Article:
Talk turned to football, and Bentz -- a hard-hitting running back for Juneau-Douglas who attracted some attention from college coaches before he chose to play baseball for Long Beach State -- said he wished he could play.

"I said, 'Why don't you?' and he looked at me like I was nuts," Alercio said in an interview this week. "He was a full-time student and he still had eligibility -- he just had to call his wife and ask for permission."

Bentz showed up for the next practice and was pleasantly surprised to learn he still had decent speed and plenty of strength.

"The next Monday I had everything but a helmet," he said. "On Wednesday I hit for the first time, and two days later we played Plymouth State."

Bentz said the first time he made contact at practice, he thought he broke his collarbone. He'd forgotten what it felt like to take a hit.

"I was sore. I was very sore," he said. "In the last game, I was in maybe five or six plays, and the next day it felt like I'd been in every single play."


In three games, Castleton State -- in just its second season of football -- is 1-2 and Bentz has carried the ball seven times for 19 yards and a touchdown.

At 6-foot-2 and 265 pounds, he is big and strong, and Alercio uses him the same way the Chicago Bears used 380-pound Williams "Refrigerator" Perry in their 1985 Super Bowl season. When the Spartans are looking at third-and-short or even fourth-and-short, especially if they are near the goal line, Bentz gets the call.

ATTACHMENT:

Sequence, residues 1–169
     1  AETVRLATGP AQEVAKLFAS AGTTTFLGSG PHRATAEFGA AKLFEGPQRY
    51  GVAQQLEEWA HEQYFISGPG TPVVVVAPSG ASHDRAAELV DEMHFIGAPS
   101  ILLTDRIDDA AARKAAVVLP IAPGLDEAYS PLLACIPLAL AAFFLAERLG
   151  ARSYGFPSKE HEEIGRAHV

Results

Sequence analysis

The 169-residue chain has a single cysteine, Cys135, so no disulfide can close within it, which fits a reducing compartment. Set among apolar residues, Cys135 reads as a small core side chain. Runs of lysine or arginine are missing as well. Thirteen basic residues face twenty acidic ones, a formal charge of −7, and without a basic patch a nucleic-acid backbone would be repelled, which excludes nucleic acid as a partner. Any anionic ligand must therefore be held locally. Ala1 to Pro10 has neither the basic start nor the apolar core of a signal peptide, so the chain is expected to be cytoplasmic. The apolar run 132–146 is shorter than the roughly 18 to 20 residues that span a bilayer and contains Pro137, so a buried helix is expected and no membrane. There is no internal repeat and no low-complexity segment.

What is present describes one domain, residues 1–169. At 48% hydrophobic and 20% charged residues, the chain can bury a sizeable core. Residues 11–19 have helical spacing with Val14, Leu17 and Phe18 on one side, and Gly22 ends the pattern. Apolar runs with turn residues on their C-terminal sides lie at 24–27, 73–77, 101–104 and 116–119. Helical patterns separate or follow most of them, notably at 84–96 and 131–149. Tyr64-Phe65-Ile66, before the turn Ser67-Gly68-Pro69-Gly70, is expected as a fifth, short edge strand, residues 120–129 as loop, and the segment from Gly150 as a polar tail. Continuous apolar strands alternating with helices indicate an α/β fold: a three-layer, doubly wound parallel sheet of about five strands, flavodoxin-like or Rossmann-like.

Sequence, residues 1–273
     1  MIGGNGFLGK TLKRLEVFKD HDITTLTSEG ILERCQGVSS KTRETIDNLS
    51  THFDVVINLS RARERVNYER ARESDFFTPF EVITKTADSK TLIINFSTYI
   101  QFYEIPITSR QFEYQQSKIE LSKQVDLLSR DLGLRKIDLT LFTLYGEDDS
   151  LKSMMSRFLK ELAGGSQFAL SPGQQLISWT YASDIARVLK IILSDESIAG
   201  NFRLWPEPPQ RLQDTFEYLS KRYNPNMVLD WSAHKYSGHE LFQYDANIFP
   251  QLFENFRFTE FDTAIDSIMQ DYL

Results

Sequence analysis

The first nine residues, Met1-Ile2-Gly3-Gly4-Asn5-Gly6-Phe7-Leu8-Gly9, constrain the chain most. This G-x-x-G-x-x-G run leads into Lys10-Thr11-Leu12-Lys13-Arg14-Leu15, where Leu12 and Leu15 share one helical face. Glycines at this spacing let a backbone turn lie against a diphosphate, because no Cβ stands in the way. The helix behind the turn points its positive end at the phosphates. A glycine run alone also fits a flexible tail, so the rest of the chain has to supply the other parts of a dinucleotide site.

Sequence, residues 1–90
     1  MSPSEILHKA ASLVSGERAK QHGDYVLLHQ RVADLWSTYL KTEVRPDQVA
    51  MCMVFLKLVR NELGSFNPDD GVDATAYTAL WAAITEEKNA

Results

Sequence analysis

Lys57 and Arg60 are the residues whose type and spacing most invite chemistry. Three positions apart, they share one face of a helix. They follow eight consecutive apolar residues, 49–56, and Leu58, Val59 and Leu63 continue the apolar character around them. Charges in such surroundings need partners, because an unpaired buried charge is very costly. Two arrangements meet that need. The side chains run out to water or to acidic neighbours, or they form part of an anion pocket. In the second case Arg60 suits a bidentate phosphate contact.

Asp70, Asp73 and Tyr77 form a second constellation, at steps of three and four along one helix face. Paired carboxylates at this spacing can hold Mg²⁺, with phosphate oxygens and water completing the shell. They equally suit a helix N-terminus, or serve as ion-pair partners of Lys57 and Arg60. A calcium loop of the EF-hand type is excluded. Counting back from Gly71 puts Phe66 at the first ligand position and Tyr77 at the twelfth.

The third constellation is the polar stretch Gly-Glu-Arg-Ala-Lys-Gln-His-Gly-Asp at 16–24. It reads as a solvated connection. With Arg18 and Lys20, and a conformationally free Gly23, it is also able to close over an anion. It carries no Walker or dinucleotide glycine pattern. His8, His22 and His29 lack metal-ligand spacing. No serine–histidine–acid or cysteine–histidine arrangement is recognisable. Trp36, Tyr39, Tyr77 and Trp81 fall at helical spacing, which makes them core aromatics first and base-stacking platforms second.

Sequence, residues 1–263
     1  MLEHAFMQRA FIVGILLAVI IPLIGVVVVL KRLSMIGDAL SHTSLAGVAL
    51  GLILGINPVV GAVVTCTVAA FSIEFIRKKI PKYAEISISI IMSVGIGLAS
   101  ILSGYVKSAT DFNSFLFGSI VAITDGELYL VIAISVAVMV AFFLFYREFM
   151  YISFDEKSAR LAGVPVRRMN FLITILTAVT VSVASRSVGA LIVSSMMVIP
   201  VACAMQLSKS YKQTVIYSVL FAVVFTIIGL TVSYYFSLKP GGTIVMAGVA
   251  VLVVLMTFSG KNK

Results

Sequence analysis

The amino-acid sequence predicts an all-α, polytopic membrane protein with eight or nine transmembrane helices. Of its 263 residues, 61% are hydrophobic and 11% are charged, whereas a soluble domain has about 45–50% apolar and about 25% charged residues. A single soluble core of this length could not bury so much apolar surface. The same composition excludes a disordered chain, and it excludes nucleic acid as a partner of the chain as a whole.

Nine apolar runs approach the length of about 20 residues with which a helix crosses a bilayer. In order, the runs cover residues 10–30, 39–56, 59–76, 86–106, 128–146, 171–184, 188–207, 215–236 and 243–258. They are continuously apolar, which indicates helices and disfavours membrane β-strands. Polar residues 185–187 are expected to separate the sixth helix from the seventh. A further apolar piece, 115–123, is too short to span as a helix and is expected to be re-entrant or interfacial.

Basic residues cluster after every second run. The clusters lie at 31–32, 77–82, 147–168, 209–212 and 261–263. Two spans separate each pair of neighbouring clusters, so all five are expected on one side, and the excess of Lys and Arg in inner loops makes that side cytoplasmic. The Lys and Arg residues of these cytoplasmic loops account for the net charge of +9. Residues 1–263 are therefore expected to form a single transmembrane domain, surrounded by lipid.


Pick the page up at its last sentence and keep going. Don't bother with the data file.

In a game two weeks ago against Utica, he twice converted on third-and-short and scored a third-quarter touchdown on a 3-yard run.

"When he's in the backfield, he's noticeably bigger than everybody else," Alercio said. "He's monstrous when he runs through the hole."

Bentz hopes to use football to regain the fitness he needs to attempt a Major League Baseball comeback. He attended training camp with the Colorado Rockies in 2007 but didn't make the roster, and since then he's played in the minor leagues. This summer, the season ended early when he was cut by a Canadian American League team in New Hampshire.

Bentz readily admits that his baseball career would be over if he'd been born with a deformed left arm instead of a deformed right arm. The reason: Left-handers are a precious commodity in baseball.

"If I was right-handed, I would definitely be done," he said. "But I'm not done. I can still get guys out. I still have that competitive nature."

Between football and working out on his own, Bentz hopes to be in top shape by March.

"I want to go to Florida and call some people and have them watch me throw a bullpen, but I want to be in shape to do that," he said. "It's a long road, but this is do-or-die time for me."

Bentz is less than two years away from completing his teaching degree, but with his wife's support he is prepared to put that career on hold while he gives baseball one last try.

"I have my whole life to be a teacher," he said, "but you can only play sports for so long."